James Lovelock's Gaia Theory.
Eco-holism - emphasises not the rights of humans but the interdependence of all ecosystems and sees the environment as a whole entity, valuable in itself. The Gaia Theory by James Lovelock is the most popular form of eco-holism.
Holistic - the approach to the environment that considers a range of factors, including the importance of balance within the ecosystem.
The Gaia Hypothesis challenges the view that humans are the most imporant species and sees humans as part of the living whole - Gaia
- The word Gaia was first used by William Golding and originates from the name of the Greek Goddess of the Earth.
All forms of life on the planet are part of Gaia - looking at the Earth from space, Lovelock saw not so much a planet of diverse life forms as a planet transformed by a self-regulating living system, instead he saw it almost as a living thing.
Lovelock and Gaia
- In his early work, Lovelock argued that Gaia is regulated by the living organisms within it to remain suitable conditions for growth and development. However, he lated rejected this and saw the regulation conduected by the whole of Gaia, not just living organisms.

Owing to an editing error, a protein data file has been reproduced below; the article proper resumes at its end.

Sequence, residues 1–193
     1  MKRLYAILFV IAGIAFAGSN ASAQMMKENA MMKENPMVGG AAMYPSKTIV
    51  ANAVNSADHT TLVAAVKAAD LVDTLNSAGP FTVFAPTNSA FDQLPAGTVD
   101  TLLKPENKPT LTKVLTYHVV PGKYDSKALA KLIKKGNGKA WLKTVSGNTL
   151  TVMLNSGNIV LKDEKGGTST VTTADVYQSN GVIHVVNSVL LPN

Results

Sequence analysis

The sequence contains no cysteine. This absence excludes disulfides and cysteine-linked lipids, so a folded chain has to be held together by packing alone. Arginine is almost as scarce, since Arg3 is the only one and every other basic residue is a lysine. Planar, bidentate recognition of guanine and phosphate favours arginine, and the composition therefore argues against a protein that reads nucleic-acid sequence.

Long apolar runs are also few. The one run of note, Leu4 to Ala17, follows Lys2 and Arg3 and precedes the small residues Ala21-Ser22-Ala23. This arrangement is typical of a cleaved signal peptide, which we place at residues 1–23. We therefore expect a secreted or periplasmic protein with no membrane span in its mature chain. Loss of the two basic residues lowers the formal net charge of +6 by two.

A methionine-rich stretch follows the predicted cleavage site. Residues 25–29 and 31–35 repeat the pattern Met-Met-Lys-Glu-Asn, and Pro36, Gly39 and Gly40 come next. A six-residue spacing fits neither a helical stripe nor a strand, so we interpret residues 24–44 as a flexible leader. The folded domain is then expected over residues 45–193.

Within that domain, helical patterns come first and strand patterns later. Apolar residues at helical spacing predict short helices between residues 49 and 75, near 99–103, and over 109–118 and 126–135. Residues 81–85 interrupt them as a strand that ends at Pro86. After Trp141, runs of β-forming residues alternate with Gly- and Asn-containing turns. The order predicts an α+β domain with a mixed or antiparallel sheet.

- He examined the fossil evidence which showed that climate change had taken place within a very narrow range so that life was never destroyed.
- Conditions seemed to have favoured life - they are not random but intelligently organised - this he calimed was not carried out by God but by Gaia herself.
- Christians at this point would argue that God could be behind the Gaia effect.
- This theory opposes the Darwinian idea of the survival of the fittest (evolution to reproduce to survive) and says that conditions on earth are actually managed by Gaia herself. The world is not a result of self engineering.
- According to Lovelock, live cannot be destroyed:
- There are many types of algae that are resistant to ultraviolet radiation, so even if the ozone layer were to be destroyed, life would continue and new life…